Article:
Residents of the apartment block next to the Sydney Opera House have been complaining that Australia’s most famous building is ruining their sleep.
Bennelong Apartments – better know to many Sydneysiders as “the Toaster” – is one of the city’s most expensive and prestigious addresses, overlooking Circular Quay, Harbour Bridge, and of course Jorn Utzon’s world-famous performing arts centre. The penthouse sold last year for $22 million to hotelier Sam Arnaout, CEO of IRIS Capital.
The apartment block was a controversial 1990s development for its size, scale and proximity to the Opera House. Those public concerns saw former PM Paul Keating intervene with a compromise at saw the building take over public land to keep its height down.
One of the most vocal critics at the time was radio broadcaster Alan Jones. Now he lives there and is complaining about the concerts put on by his neighbour, which in November 1979, hosted 100,000 people at the legendary Concert of the Decade.
Former Macquarie Bank director Bill Moss and Jones are among residents who’ve taken aim at the Opera House management and celebrity chef Matt Moran, who co-owns and operates Opera Bar, claiming they are responsible for a range of planning breaches that put the building and its World Heritage status at risk, according to The Weekend Australian.
Bill Moss is a member of the Sydney Opera House Concerned Citizens Group, which has accused the Opera House management of a “culture of lies, denials and cover-ups” in letters to the New South Wales government and even UNESCO, which is responsible for 2007 World Heritage listing.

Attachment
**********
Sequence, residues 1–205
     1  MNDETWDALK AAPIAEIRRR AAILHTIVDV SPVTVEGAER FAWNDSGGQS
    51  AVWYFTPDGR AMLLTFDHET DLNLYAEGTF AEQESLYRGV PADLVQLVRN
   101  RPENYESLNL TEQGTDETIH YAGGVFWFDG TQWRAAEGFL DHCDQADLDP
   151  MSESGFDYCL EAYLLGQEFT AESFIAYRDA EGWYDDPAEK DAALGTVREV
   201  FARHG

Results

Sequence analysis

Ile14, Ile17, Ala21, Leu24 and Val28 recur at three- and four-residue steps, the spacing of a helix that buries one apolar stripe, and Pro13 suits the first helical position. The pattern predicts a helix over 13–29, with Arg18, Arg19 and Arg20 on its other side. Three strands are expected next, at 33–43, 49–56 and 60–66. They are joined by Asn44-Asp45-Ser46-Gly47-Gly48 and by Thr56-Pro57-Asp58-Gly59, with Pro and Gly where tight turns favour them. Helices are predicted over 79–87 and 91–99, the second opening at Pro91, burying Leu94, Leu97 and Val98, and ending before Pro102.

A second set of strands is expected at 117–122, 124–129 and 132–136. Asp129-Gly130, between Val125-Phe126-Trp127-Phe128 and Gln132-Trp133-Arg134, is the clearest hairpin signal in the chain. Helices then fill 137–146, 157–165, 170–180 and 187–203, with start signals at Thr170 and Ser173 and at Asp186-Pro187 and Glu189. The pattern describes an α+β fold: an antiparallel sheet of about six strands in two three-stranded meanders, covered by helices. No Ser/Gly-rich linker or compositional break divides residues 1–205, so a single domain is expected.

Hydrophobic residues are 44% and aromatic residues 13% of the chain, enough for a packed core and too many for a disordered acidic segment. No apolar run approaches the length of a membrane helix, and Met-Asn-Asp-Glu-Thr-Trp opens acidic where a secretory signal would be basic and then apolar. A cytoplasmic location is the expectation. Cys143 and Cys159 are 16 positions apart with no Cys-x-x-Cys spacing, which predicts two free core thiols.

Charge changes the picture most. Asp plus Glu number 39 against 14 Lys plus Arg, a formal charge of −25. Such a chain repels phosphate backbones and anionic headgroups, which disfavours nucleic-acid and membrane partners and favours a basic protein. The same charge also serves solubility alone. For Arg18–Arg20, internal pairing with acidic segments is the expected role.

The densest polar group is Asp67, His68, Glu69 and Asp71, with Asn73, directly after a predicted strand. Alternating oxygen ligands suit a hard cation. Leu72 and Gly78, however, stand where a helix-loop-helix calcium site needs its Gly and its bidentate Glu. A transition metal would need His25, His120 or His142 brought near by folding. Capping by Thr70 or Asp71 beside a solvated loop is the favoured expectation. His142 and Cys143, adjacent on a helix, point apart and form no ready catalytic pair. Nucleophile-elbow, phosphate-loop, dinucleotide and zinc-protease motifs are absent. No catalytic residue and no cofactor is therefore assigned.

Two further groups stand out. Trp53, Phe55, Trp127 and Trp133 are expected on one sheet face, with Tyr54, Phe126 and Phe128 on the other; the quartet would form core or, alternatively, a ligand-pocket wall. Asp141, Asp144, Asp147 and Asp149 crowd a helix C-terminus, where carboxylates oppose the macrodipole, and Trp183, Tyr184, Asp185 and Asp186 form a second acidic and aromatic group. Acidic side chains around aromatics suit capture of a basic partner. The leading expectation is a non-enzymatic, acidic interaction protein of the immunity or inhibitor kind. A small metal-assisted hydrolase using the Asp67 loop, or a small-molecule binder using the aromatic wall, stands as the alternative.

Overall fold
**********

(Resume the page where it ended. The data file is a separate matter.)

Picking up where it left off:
Moss told the newspaper that Opera House management were “slowly subdividing off its premises and selling it to commercial interests”.
Jones complained the area was “like a bomb site” and “eyesore” for nearly a third of the year.
Another resident, Corey Cooney, wrote to the Department of Planning about being “completely unsuccessful in being able to have some basic rights as residents”, despite “numerous complaints” including heritage, excessive noise, security and the “use of alcohol in children and families areas”.
He complained about the “post-event noise of patrons leaving the premises drunk and disorderly, late at night, which affects our sleep and wellbeing as residents”.
“Such noise and disruption is evident even with doors and blinds closed, furthermore affecting my basic sleep and that of my family,” he wrote.
“My family and I have the right to relax in our own home without having trucks and concert operations causing disturbance into the early hours of the morning.”
The Trashing of the Opera House
Further grievances are listed in a document called “The Trashing of the Opera House”, which describes the building is “an icon in decline of its heritage value due to the greed inherent in commercialisation”, according to The Weekend Australian.
The newspaper says the residents have lobbied government departments and ministers, police, the City of Sydney council, SOH management and even UNESCO, saying there were “constant breaches in [the Opera House] heritage conservation plan that has put at risk its outstanding universal value, unique heritage significance and therefore its UNESCO World Heritage status”.
The Australia Opera’s recent 60th anniversary season rival of The Eighth Wonder, a “silent” opera (patrons listened to the performance through headphones) about the building of Danish architect Jorn Utzon’s masterpiece, is believed to have sparked the latest series of complaints after the SOH applied to modify the development approvals conditions for temporary events outdoors.
The opera was performed for five nights, outdoors on the forecourt’s Monumental Steps, closing on Sunday night. Opera Australia took over the area for 25 days.
Details about the concerns of residents in Bennelong Apartments, which were completed in 1998, have emerged just weeks before 1990s pop band Crowded House returns for a series of outdoor concerts there, 20 years after playing in front of more than 100,000 people on the forecourt in November 1996.